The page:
Olivares keeps the bulk of his collection in his office, each one diligently rewound for future use.

“There is nothing worse than when you are ready to watch a movie and it is all the way at the end,” he said.

Find out more about the VHS Bazaar at azuff.org

All fun and games

Stroll through arcade chains, like Dave & Buster’s, 1390 E. Tucson Marketplace Blvd., and Round One at Park Place, 5950 E. Broadway, and you’ll find massive versions of classic video games from the early 1980s, titles like Galaga and Centipede, but on steroids.

But for the true old-school arcade experience with an adult twist, Cobra Arcade Bar at the corner of East Congress and North Scott Avenue, downtown, is the place to be.

The gaming bar, a spinoff of the original Cobra Arcade Bar in Phoenix, comes packed with two floors of classic games from the 1980s and ‘90s.

“We have Tetris, Pac-Man, Donkey Kong, Rampage,” said Richard French, general manager of Cobra’s Tucson location. “Miss Pac-Man is always busy when it is here.”

Isaac Baez takes a turn on one of the line-up of pinball games on the second floor at Cobra Arcade Bar in Tucson.

Arcade games are regularly rotated in and out of Cobra to keep things interesting.

Also interesting: Cobra’s full bar, with its menu of cocktails named for characters from your favorite video games (would you prefer an Inky’s Drinky or a Princess Peach?)

When your joystick hands get tired, you can hang out with friends in the bar’s lounge-style seating or on the patio area that looks out on East Congress while DJs play every Wednesday-Sunday.

French said there is never a cover or a dress code at Cobra, where they try to be as welcoming as possible.

David Estrada draws a bead on danger while playing The Lost World Jurassic Park video game at Cobra Arcade Bar.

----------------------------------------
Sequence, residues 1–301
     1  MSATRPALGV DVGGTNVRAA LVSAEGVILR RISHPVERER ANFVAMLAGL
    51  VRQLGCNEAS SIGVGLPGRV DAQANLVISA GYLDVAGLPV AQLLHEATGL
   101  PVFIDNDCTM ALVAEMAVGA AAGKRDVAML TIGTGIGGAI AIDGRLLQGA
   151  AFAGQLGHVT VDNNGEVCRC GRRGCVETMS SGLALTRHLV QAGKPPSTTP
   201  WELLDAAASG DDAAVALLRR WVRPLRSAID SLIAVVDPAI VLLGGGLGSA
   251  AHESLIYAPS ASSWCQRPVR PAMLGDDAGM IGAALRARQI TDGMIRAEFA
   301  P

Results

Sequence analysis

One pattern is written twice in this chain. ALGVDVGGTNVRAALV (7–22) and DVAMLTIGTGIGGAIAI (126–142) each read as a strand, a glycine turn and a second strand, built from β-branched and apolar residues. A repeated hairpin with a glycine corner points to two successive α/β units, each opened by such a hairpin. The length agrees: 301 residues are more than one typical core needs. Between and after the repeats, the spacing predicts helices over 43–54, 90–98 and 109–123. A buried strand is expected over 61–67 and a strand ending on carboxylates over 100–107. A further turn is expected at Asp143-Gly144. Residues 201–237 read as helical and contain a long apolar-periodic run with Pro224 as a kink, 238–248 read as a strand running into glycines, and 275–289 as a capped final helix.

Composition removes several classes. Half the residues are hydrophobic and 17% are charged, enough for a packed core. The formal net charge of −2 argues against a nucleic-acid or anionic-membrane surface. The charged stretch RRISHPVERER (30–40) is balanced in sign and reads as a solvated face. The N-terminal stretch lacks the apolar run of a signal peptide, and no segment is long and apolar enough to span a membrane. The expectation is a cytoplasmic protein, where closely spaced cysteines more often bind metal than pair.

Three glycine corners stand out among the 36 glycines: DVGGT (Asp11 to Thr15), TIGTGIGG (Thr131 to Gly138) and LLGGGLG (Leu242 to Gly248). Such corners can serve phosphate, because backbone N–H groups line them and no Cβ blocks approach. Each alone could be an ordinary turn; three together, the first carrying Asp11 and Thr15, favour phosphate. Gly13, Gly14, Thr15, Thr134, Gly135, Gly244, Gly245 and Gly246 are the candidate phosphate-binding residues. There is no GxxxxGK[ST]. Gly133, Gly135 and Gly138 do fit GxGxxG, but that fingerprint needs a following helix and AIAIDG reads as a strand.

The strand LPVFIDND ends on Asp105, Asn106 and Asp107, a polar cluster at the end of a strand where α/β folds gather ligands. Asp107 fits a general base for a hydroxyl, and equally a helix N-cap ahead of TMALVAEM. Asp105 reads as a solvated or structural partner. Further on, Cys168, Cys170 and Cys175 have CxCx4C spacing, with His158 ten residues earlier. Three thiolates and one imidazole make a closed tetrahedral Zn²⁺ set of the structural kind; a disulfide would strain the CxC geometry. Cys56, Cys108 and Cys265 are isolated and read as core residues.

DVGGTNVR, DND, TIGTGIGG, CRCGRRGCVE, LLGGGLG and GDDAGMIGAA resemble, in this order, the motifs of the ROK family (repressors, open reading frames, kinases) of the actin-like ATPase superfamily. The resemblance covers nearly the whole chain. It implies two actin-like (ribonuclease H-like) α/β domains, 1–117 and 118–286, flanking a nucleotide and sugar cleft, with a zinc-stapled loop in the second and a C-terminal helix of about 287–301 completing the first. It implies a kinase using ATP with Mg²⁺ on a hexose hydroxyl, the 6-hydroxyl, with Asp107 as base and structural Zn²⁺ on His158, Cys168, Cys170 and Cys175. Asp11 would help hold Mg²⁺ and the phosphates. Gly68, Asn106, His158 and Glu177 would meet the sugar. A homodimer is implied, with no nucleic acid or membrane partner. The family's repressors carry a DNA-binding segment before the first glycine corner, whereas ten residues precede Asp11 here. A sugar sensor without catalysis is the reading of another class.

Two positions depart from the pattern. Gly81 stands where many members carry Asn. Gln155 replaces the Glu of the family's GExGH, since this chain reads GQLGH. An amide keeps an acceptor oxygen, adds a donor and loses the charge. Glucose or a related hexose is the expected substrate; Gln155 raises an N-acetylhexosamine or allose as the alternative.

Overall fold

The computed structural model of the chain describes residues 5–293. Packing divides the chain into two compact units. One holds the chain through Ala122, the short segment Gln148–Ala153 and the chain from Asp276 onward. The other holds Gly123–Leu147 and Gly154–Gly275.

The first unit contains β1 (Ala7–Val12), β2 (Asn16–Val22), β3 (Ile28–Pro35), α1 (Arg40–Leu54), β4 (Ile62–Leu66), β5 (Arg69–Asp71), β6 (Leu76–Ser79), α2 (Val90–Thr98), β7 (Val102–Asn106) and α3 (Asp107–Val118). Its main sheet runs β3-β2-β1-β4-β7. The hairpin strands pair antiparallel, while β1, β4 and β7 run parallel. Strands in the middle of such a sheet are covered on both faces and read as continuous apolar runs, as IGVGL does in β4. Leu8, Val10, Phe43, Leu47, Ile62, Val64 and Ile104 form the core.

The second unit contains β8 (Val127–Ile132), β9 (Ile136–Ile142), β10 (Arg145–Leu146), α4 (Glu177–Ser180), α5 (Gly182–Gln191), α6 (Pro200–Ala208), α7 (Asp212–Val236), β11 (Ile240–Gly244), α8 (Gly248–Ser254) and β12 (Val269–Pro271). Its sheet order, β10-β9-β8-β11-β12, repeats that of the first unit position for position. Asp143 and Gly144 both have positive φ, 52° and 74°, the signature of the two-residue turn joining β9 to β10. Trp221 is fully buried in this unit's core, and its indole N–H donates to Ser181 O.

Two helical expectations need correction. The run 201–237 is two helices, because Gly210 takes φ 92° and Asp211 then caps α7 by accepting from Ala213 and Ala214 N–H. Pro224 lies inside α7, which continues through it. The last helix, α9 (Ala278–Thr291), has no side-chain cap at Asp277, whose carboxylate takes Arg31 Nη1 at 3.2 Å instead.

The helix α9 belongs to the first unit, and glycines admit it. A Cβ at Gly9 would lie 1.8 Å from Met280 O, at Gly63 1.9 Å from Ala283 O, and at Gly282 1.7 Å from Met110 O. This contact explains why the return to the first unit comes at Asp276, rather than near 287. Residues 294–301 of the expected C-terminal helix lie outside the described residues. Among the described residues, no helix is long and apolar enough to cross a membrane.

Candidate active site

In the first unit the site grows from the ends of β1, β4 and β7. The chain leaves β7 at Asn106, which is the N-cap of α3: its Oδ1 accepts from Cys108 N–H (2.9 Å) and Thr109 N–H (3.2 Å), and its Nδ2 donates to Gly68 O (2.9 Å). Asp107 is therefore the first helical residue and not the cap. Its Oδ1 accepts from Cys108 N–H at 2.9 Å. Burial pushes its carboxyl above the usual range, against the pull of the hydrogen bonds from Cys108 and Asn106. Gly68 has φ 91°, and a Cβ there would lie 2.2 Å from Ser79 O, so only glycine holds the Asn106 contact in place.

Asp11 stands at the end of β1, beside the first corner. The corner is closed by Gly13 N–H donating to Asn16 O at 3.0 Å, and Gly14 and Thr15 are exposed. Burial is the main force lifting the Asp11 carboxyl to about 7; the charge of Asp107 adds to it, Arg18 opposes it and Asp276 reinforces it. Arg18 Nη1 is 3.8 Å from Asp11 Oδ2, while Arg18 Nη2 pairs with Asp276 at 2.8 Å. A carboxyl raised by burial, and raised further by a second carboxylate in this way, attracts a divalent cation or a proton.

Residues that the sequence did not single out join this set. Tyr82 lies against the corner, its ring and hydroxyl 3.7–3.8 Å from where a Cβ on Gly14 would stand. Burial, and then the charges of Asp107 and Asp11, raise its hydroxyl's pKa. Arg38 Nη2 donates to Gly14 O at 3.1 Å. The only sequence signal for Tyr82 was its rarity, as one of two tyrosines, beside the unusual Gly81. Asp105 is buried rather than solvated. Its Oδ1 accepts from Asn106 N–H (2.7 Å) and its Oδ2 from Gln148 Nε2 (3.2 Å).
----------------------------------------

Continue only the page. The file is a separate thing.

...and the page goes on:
“I find a lot of people come in and have an idea of what they want to play before they even take a look around,” he said. “Everybody has that story of the gas station or the laundromat in their town that had two arcade games. They want to play those games again.”

For more information, visit cobraarcadebar.com

Vintage toy scene

Brick-and-mortar shops selling vintage toys are sprinkled throughout the Old Pueblo.

Some of the city’s most prominent establishments in the toy resale game include the long-running Retro Toys and More, 2602 N. Stone Ave., and Generation Cool, 404 N. Fourth Ave.

For the true ‘80s toy connoisseur looking for smoking deals on classic figures, there is only one place to hit on a Friday or Saturday night: the Tanque Verde Swap Meet.

Once located on East Tanque Verde Road, the swap now calls 4100 S. Palo Verde home, and can pull in hundreds of dealers during the fall and spring seasons.

Anything and everything a Tucsonan can unload can be found at the swap, but toys are a common sight, whether they are being sold by their original owners looking to make a few extra bucks, vintage dealers setting up on folding tables for the evening or regular sellers with permanent structures on the lot.

One of the more visually pleasing toy destinations at Tanque Verde is El Haberdashery, located on the northeast side of the swap meet.

Thousands of toys and vintage items, many from the 1980s, including plastic lunchboxes with their matching Thermoses and Snork plush dolls, fill every inch of wall space, line shelves and decorate hollowed out arcade game cabinets within the space.